55:6). There is no better opportunity than now to start training ourselves to
allow Hashem into our hearts and minds. And if we are successful at this time,
perhaps this will be the last Rosh Hashanah we spend in galus.
This week’s parsha, Parshas Ki Savo,
begins with the mitzvah of Bikkurim, to bring the first fruits to the Beis
Hamikdashas a gift to Hashem. This mitzvah
has many deeper connotations to it, some of which we have discussed in this
forum before. Here is another of those explanations.
The Kli Yakar points out an interesting
fact about Bikkurim. The pasuk says, “וְהָיָה כִּי תָבוֹא
אֶל הָאָרֶץ אֲשֶׁר יְהֹוָה אֱלֹהֶיךָ נֹתֵן לְךָ נַחֲלָה וִירִשְׁתָּהּ וְיָשַׁבְתָּ
“And it will be when you come to the Land that Hashem, your God, is giving
you as an inheritance, and you will inherit it and settle it” (Devarim
26:1). The only other mitzvah which uses the phrase “וִירִשְׁתָּהּ
וְיָשַׁבְתָּ” is in Parshas Shoftim by the guidelines of appointing a king.
The connection between the two is simple. The reason why Bnei Yisrael will want
a king is so they can be like all the nations surrounding them. Even though
Bnei Yisrael are not supposed to have a king, they will be so secure in their
possession of Eretz Yisrael that they will look to outside their heritage and
adapt other philosophies. Similarly, after possessing the land, Bnei Yisrael will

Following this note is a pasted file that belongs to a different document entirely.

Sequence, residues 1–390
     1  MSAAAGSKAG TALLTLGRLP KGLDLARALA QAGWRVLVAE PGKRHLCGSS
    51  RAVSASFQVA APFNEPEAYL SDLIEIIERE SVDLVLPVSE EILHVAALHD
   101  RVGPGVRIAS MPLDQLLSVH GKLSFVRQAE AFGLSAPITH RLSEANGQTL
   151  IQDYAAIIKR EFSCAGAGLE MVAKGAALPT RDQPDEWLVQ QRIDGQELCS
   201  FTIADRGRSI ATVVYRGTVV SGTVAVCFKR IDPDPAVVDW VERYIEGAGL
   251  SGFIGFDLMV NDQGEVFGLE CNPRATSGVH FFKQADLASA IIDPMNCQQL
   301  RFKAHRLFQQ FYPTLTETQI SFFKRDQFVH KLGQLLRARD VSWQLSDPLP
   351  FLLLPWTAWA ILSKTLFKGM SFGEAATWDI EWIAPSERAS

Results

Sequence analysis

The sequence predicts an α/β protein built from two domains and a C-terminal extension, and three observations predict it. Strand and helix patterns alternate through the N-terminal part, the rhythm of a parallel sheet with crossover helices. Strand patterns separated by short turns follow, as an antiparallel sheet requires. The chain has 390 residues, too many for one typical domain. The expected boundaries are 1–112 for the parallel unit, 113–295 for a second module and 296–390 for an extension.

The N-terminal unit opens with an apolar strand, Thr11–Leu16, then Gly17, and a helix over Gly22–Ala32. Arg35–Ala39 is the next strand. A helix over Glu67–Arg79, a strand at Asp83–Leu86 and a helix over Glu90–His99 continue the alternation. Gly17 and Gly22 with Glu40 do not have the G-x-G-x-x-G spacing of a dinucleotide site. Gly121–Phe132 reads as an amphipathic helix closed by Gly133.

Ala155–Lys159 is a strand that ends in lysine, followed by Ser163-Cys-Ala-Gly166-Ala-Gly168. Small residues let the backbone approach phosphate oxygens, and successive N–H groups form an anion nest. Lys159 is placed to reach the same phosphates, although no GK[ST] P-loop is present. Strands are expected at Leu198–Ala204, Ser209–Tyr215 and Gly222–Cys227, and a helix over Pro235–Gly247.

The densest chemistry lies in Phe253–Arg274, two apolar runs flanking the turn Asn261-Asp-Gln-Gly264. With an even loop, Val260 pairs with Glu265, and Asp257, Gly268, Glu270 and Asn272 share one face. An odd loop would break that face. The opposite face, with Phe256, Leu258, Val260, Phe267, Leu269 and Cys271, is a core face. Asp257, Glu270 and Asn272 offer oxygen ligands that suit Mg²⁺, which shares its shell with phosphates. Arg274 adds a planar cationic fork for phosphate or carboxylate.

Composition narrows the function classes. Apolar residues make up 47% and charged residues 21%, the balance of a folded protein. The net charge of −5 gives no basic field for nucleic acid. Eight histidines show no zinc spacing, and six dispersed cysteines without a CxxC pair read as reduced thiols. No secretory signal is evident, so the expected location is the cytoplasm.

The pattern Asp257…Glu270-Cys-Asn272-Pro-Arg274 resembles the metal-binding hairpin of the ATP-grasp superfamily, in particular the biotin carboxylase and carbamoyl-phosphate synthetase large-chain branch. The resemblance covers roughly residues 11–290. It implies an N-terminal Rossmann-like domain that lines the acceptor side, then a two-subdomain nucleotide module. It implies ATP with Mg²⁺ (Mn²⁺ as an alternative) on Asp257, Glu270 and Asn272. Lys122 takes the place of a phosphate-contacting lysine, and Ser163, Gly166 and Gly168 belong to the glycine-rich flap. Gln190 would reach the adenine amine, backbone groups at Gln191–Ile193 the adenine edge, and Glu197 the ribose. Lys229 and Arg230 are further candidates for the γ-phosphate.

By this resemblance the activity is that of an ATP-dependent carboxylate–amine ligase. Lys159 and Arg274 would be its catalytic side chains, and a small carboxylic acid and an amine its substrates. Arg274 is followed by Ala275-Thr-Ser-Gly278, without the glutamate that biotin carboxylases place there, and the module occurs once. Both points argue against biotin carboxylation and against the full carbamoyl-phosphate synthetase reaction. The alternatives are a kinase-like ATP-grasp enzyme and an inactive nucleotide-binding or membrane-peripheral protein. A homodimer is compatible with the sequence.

forget all the miracles performed by Hashem who brought them to Eretz Yisrael,
and will only remember all the battles waged by their own hands. They will look
at all the success they will have settling the land and conclude that it was
their own ability that brought them such prosperity. In both these cases, something
is needed to remind Bnei Yisrael of how they came to possess Eretz Yisrael.
These two words, “וִירִשְׁתָּהּ וְיָשַׁבְתָּ”, are fitting to use
because we assume that we own Eretz Yisrael as an inheritance from our ancestors,
the Avos, and that we settled it under our own power and national right. But this
is not the case. By bringing the first of our fruits to the Beis Hamikdash,
specifically the Seven Species that are special to Eretz Yisrael, we remind
ourselves that we came to possess this Land only through the goodness of
As we approach Rosh Hashanah,
we can use the lesson of the Bikkurim to help us prepare for the big day. By
learning to appreciate Hashem as the true cause of everything good in our lives
(and by recognizing how much good we have), we can begin to truly make Him our
King. May we all be zoche to a favorable judgment.